I was recently invited to pen the introduction and the conclusion to this Eye For Transport packet on 3D printing. Is 3D truly over-hyped, or could we be on the verge of the next “Industrial Revolution?” Download the packet and see what others think, and be sure to share your thoughts in the comments.
In addition to my thoughts shared in the packet, I wanted to mention a few other thoughts. What strikes me, as I consider the advances in 3D printers over the past 10 years, isn’t the move of the printers into the home. That’s interesting, but perhaps a distraction. The real innovation, and advancement, is the diversity of materials that are now able to be printed, and the nearly limitless range of items that can be printed. The photograph here comes from an article that highlights the development of a 1/4 scale jet engine that actually turns at over 2000 RPMs. Interesting concept, is it not?
One of the more interesting uses of 3D printing, or “Additive manufacturing technologies” is the application for reducing or eliminating many of the barriers hindering the ability to acquire parts today. For many systems (aircraft, cars, even boats and models) the want of a simple part can turn an valuable classic or antique into a dust-collecting display. Often the original manufacturer has gone out of business, the plans for parts have been lost, or simply the cost of manufacturing the small quantities needed makes the process cost-prohibitive.
Additive manufacturing can change all this. By using tools (such as laser measurement) to develop 3 dimensional models manufacturing can significantly automate and accelerate the reverse engineering process. The “total cost of ownership” can be significantly reduced by eliminating tooling investments required for unique parts, printing “on demand” within extremely short time lines, and being highly responsive to demand fluctuations. The same 3D laser measurement tools mentioned for reverse engineering can then be used for quality control ensuring a high quality post-production inspection. Finally, additive manufacturing can even improve the quality of those parts that must be manufactured through traditional casting and mold processes. The additive manufacturing process can produce molds and casts that will eliminate traditional mold/casting production limitations and greatly improve the final quality of the product through, for example, conformal cooling.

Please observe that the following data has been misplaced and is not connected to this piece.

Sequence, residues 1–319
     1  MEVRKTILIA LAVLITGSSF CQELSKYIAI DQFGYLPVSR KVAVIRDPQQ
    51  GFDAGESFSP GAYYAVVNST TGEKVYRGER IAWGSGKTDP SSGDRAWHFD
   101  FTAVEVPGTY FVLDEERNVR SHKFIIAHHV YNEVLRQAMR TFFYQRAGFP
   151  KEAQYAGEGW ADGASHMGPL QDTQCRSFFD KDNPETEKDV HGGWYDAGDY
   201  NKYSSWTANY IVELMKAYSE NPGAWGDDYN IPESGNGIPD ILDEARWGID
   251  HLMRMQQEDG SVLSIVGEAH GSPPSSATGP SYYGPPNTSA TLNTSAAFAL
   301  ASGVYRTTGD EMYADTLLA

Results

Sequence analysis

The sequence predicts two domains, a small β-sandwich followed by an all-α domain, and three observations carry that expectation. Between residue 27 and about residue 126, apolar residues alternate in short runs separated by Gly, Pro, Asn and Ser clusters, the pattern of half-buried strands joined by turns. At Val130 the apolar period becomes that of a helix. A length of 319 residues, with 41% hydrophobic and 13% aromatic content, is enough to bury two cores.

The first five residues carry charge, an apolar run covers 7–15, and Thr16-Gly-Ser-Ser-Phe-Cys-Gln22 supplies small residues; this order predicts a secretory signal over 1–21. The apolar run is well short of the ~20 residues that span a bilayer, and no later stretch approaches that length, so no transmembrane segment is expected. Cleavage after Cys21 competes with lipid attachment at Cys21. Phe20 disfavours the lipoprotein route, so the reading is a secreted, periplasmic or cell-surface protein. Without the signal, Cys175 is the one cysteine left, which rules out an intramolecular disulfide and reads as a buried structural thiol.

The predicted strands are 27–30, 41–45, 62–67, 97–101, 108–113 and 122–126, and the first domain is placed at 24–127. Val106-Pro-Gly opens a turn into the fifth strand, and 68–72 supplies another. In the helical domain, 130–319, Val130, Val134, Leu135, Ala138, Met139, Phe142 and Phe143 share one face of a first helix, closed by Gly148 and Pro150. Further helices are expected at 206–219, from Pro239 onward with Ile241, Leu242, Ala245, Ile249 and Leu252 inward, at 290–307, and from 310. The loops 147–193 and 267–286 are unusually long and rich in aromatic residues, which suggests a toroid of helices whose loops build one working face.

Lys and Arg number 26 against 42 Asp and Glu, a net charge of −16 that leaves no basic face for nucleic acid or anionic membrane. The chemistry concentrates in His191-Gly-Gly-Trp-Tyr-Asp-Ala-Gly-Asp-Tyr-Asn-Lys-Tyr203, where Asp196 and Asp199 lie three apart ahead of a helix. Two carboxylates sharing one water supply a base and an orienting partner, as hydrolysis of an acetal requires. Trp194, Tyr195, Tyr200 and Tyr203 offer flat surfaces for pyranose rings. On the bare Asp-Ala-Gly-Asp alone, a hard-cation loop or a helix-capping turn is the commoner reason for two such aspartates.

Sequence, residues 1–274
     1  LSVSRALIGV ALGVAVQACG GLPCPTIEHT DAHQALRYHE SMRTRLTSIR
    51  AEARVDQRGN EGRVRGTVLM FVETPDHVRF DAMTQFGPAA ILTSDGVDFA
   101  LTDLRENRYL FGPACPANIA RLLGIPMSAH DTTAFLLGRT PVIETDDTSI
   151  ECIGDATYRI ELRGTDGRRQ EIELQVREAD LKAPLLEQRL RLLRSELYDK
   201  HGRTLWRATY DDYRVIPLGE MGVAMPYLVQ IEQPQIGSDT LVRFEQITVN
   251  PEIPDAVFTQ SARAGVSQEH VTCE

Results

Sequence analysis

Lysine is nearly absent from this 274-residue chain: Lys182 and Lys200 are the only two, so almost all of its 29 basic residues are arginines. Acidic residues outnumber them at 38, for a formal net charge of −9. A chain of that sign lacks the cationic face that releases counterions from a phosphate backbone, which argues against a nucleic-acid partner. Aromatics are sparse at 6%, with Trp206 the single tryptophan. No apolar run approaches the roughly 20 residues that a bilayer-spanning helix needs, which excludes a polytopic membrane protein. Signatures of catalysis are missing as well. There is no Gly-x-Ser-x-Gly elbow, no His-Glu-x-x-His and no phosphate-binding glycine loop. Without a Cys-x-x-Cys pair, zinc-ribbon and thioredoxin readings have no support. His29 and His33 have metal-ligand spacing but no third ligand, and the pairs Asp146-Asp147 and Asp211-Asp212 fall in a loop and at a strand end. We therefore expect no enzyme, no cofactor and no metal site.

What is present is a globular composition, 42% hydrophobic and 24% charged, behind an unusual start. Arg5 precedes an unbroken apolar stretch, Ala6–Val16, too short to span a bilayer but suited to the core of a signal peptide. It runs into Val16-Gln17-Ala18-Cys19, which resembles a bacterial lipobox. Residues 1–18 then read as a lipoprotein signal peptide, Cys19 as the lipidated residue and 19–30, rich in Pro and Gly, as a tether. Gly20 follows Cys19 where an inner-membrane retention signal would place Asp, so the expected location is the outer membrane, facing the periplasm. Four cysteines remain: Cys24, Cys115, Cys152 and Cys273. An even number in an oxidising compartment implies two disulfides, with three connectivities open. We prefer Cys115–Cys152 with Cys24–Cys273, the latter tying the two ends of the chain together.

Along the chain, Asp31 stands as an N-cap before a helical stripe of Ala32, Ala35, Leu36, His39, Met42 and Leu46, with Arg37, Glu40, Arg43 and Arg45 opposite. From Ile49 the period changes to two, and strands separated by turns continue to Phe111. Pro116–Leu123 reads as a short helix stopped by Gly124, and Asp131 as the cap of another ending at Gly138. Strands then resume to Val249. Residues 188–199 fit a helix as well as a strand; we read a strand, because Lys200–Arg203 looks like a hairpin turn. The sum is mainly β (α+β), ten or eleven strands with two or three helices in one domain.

3D Printing, or “additive manufacturing” can truly transform the manufacturing process, and give new life into old but worthwhile machines. An interesting extension to the ecologically sound “Reduce, Reuse, and Recycle.”